Gender Differences
A comparison between the men and the women was made because men have bigger eyes than women. The emmetropic men had mean semidiameters in the principal meridians that were approximately 0.4 mm larger than those of the women. Changes in the dimensions with refraction were similar in both sexes. Asphericities Q x and Q y were similar in the male and female emmetropes and changes in the asphericities with refraction were similar in both genders. The female emmetropes had vertex curvatures greater than did the male emmetropes by approximately 3.8 and 4.6 m−1 in the x′-z′ and y′-z′ sections (both corresponding to smaller vertex radii of curvature of approximately 0.5 mm). For neither gender did the vertex curvatures change significantly with refraction (unlike the total group in the x′-z′ section). Of interest is that the mean radius of curvature in the two sexes in the principal meridians were 0.5 to 1.2 mm greater than the 12.0 mm often used as the radius in model eyes, 20 although because of oblate shapes, approximately 70% of retinas of the total group had semidiameters in both the x′ and y′ meridians that were < 12.0 mm.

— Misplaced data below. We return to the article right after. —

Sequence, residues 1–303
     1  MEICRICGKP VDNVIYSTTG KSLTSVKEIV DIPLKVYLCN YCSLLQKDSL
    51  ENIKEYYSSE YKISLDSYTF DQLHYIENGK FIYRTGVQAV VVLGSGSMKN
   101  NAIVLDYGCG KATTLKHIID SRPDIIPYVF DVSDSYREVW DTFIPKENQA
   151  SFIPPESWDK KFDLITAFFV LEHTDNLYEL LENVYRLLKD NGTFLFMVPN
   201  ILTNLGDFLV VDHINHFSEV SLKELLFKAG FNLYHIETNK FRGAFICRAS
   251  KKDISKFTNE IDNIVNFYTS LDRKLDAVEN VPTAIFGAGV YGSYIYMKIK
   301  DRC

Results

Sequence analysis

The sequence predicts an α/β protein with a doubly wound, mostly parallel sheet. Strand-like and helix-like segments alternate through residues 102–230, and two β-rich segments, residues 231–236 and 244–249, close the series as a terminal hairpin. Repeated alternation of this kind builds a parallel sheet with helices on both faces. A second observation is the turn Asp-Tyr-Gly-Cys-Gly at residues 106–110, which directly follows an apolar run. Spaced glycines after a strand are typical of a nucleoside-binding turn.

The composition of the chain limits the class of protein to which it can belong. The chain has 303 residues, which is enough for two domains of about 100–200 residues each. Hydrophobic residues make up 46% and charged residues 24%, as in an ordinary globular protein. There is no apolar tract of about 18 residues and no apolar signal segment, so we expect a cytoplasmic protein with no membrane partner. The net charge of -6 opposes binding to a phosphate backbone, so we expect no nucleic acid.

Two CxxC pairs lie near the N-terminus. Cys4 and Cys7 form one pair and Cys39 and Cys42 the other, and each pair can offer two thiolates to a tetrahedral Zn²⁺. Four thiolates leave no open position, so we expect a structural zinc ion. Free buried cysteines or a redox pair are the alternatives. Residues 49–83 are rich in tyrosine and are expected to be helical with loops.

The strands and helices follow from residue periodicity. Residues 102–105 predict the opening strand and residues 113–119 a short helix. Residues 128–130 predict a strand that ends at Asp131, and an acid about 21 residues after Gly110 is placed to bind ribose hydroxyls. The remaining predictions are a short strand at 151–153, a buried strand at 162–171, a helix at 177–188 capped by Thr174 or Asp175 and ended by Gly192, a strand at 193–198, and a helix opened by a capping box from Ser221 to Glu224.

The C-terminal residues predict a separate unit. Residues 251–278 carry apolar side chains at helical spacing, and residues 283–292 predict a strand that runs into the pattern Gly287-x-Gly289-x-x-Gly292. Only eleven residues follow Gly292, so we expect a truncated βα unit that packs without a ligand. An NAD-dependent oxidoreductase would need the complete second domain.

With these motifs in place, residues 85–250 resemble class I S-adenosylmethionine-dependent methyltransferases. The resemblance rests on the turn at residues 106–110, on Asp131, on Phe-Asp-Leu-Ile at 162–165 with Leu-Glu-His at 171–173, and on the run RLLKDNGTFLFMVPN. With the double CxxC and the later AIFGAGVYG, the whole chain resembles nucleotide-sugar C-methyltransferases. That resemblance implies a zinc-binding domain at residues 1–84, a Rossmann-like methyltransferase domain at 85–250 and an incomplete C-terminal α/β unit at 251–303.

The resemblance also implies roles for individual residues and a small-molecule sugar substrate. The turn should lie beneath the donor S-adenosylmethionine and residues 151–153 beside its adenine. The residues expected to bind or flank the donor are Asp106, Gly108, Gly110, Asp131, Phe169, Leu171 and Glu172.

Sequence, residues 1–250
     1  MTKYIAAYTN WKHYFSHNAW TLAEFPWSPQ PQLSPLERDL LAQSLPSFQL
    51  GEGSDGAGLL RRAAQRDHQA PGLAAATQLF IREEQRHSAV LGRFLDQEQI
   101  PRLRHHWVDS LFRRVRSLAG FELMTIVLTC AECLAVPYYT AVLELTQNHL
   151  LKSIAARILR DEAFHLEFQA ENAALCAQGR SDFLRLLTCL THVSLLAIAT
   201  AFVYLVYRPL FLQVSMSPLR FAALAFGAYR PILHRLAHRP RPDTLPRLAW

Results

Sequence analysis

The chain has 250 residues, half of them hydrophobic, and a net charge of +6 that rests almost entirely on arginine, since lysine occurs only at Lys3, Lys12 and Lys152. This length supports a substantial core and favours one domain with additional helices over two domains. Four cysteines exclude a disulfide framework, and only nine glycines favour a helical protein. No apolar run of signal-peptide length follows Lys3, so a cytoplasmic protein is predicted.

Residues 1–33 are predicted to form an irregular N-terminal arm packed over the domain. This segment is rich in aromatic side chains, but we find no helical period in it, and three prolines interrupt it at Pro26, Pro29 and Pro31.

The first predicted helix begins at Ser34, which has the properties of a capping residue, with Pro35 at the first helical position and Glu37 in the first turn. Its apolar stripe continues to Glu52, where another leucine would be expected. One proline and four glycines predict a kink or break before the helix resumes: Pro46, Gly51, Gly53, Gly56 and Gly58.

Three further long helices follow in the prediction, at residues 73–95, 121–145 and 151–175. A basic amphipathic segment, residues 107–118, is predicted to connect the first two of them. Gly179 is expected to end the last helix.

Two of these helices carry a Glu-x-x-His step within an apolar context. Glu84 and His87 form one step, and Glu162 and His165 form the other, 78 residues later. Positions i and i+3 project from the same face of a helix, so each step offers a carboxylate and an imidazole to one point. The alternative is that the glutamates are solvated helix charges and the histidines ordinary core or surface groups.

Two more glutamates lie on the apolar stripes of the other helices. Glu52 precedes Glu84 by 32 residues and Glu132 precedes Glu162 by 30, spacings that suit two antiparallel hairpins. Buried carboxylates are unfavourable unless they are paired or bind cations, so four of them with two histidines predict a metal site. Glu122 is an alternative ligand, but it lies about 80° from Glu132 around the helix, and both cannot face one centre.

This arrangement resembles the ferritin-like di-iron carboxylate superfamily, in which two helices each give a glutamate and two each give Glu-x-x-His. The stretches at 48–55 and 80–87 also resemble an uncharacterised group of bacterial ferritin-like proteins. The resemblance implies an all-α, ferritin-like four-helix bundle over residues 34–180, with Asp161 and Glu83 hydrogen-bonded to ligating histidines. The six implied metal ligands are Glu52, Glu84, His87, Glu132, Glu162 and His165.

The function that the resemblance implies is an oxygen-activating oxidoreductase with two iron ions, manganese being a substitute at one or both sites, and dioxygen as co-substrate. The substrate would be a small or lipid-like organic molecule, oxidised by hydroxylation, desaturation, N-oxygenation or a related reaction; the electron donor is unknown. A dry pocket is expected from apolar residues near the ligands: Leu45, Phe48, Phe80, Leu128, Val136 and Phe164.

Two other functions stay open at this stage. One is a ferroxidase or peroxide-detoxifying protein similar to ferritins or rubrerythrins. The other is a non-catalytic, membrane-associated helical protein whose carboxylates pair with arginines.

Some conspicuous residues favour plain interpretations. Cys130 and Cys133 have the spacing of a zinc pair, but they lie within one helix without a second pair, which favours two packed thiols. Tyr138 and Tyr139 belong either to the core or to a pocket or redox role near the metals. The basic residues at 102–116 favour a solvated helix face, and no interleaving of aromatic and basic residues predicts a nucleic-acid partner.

Differences between Ellipsoids and Ellipses
The principal sections of the ellipsoids did not always correspond closely to the transverse axial (horizontal) and sagittal (vertical) image sections, particularly the former (Fig. 5a) . As measurements of various parameters (e.g., peripheral refraction) are sometimes measured in the horizontal and vertical meridians, we were interested in how the ellipsoid measurements might compare with the fitted ellipses in the image sections. Figure 6shows the differences between ellipsoid and ellipse asphericities plotted as a function of their averages. Generally small differences were found, although there were some outliers. In both the horizontal and vertical sections, the mean differences between ellipsoid and ellipse asphericities were small at 0.02 ± 0.06 and −0.01 ± 0.06 mm, respectively, although both were significantly different from zero (t = 2.9, P = 0.004; t = –2.2, P = 0.029, respectively). In view of the generally small differences between the three- and two-dimensional results, the parameters for the former can be taken as applying to the relevant horizontal or vertical section through the fovea in our study group.